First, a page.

Samsung trained Ellen on taking a selfie after negotiating to have its smartphone 'integrated' into the Oscars
Samsung trained Ellen on taking a selfie after negotiating to have its smartphone “integrated” into the Oscars
The Wall Street Journal reports that it was Ellen DeGeneres’ idea to take a selfie, and it was ABC who thought it should be done on a smartphone from Oscar sponsor Samsung. So last week, officials from Samsung, which paid $20 million for Oscar ads, trained Ellen on using the Samsung Galaxy to take a selfie. PLUS: Bradley Cooper may own the copyright on the selfie, ranking the celebrities in that selfie, and was this a game-changer for product placement?
Oscar producers wanted to hire an actor to play the pizza delivery guy
The producers are revealing secrets from last night’s broadcast, including that Ellen protested when they suggested that an actor be hired to deliver the pizza Says producer Craig Zadan: "We said that the FBI would have to do a background check. She said, 'I don’t care. I want it to be real. I want this guy to walk in and not know he's going to the Academy Awards.'"
Coca-Cola celebrates its free Oscar publicity via its logo on pizza boxes (Pepsi was the official sponsor)
"Big Mama's and Pappa's Pizzeria getting a thank-you note tomorrow,” tweeted Coke’s vice president of marketing, after getting the free plug.
Ellen’s selfie was a victory for TV, not Twitter
As Sam Biddle points out, "We were already tuned in—we already agreed to care about these people. We were Ellen's, not Twitter's, putty in the hands of ABC and not (Twitter co-founder) Jack Dorsey. Really, convincing millions of Oscar-watchers to spread that selfie was about as much of an accomplishment as getting the stars to accept a statuette.”
Neil Patrick Harris criticizes Ellen’s Oscar pizza bit
"That bit went on for a while didn't it?” he tells “ET. "The pizza bit went on for a while ... I
won't lie to you about that. I was like, where you going with the pizza babe?"
“True Detective” creator: We’re not trying to trick you — no surprise ending next week
"I’ve enjoyed reading people theorize about what’s going to happen because it’s a sign that you’re connecting,” says Nic Pizzolatto. “But I’m also sort of surprised by how far afield they’re getting. Like, why do you think we’re tricking you? It’s because you’ve been abused as an audience for more than 20 years. I cannot think of anything more insulting as an audience than to go through eight weeks, eight hours with these people, and then to be told it was a lie—that what you were seeing wasn’t really what was happening. The show’s not trying to outsmart you.” PLUS: How last night’s ending came about, see an infographic for every character, how does Matthew McConaughey feel about the show so far?, 14 strange visual clues, and it seems there are more tricks up "True Detective's" sleeve.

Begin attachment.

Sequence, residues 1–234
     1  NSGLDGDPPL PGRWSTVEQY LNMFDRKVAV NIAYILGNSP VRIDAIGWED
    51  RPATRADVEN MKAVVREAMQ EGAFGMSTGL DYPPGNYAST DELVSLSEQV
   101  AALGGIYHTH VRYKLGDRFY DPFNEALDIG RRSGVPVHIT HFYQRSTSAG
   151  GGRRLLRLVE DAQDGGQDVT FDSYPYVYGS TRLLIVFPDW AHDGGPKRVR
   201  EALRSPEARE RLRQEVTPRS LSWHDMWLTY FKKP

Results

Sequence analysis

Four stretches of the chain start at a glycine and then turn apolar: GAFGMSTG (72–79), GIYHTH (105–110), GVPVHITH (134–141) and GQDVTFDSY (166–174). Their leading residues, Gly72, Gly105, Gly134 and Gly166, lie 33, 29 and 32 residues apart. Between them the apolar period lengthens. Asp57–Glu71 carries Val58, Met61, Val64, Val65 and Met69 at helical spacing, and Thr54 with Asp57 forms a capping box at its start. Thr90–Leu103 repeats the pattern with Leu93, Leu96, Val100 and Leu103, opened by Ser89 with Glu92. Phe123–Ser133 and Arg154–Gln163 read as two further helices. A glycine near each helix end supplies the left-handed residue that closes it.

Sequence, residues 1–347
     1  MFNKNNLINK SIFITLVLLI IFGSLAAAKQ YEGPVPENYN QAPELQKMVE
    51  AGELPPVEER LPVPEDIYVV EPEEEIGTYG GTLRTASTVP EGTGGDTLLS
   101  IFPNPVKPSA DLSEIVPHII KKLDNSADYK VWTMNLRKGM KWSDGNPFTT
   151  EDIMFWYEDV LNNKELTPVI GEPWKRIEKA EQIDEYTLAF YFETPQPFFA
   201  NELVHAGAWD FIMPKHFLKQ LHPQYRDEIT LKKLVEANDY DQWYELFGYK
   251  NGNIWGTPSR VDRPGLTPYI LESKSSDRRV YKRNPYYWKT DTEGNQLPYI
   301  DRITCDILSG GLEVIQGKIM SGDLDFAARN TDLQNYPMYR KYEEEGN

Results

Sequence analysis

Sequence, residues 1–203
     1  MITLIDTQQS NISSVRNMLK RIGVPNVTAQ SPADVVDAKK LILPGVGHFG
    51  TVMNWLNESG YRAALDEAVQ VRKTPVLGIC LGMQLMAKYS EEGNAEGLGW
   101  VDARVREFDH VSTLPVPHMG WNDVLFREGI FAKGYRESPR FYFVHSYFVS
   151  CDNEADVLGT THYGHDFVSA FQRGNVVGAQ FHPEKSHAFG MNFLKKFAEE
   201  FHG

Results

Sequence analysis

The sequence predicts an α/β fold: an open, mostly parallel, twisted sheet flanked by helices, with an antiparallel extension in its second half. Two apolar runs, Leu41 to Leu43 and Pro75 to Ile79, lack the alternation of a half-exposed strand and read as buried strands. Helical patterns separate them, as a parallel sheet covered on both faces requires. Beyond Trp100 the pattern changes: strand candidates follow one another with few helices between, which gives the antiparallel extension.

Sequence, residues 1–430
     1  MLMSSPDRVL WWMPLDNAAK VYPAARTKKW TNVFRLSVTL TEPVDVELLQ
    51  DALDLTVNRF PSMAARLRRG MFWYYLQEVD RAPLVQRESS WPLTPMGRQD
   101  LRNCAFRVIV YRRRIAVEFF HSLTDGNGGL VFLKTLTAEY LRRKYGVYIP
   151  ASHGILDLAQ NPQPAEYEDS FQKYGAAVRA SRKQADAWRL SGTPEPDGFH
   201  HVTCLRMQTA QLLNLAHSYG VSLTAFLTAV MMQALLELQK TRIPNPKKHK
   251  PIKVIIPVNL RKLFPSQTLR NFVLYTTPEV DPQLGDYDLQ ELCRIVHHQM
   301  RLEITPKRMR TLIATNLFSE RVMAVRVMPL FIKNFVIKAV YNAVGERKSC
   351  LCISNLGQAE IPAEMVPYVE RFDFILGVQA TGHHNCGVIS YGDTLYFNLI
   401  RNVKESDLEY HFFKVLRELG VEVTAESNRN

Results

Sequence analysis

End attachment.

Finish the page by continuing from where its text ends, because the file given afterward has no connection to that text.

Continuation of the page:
Stana Katic is glad “Castle” is plunging tonight into dark new territory
"The show always kind of lies somewhere in between comedy and drama,” she says, "and being that this is as dark as the show can go, it was extraordinary to do that dance with some of the core group....”
“Veronica Mars” theme song “We Used to Be Friends” reimagined
The Dandy Warhols song now has a mature, soulful re-imagining.
More about “The Daily Show” newbie Jordan Klepper
Get to know the comedian replacing John Oliver.
A “Glee” baby!?
"We’re trying to conceive a child,” Jayma Mays says of Will and Emma.
Food Network taps Bill Rancic to host “Kitchen Casino”
“The Apprentice” and “Giuliana and Bill” star will helm a show that combines casino games and cooking.
Step inside a virtual reality re-creation of “Seinfeld's” apartment
A special headset will allow you to walk around Jerry’s apartment.
“Bates Motel” goes there, and 2 other reasons to watch
The A&E drama, which returns tonight for Season 2, is "a deliciously odd show,” says Richard Lawson, that isn’t afraid to portray Norma’s “vague incestuous codependency. "I’ll say this for the show’s most troubling undertones: they’re a real mark of bravery,” he says. PLUS: Season 2 will be “super-intense."
South Carolina newspaper tries to spoof Bravo’s “Southern Charm” reality show
The State has created “Southern Charm Bingo” to celebrate the Southern stereotypes on tonight's premiere.
Cheryl Burke: I had a tough time dealing with Brooke Burke-Charvet’s exit
"It's like your brother or your sister leaving,” the longtime “Dancing” pro says. "It was hard for me to take it all in. It still is, a little bit."
“Treme’s” Rob Brown lands on NBC’s “Salvation” as Ashley Judd’s adopted son
He’ll co-star in the drama about a Texas megachurch.
Washington pizza restaurant deluged with “American Idol” calls
For some reason, calls were routed through Gordy's Pizza & Pasta last week.
Watch a comedian do 33 impressions from “The Simpsons” in 5 minutes
From Homer to Krusty and more.
“SNL’s” Sasheer Zamata becomes Peggy Olson
Check her out in “Black Mad Men.”
The Roots get their own “Tonight Show” web series
See the debut of "Ask The Roots."
“The Cosby Show” is coming to DVD, uncut
Season 1 will be released at the original network length, which is 2 to 3 minutes longer.
A&E’s “Those Who Kill” is yet another torture-filled murder show
Chloe Sevigny and James D’Arcy star in what has become a new golden age of TV torture, joining “The Bridge,” “The Fall,” “The Following,” “Hannibal” and “Bates Motel.” "'Those Who Kill' is going to have to try a little harder than crudely smearing lipstick on a framed portrait if it wants to distinguish itself in this distressingly over saturated field,” says Margaret Lyons. PLUS: Women deserve better than murder and mayhem shows, “Those Who Kills” squanders its talented cast, the big problem is its lack of humor, and Chloe Sevigny talks about her return to TV.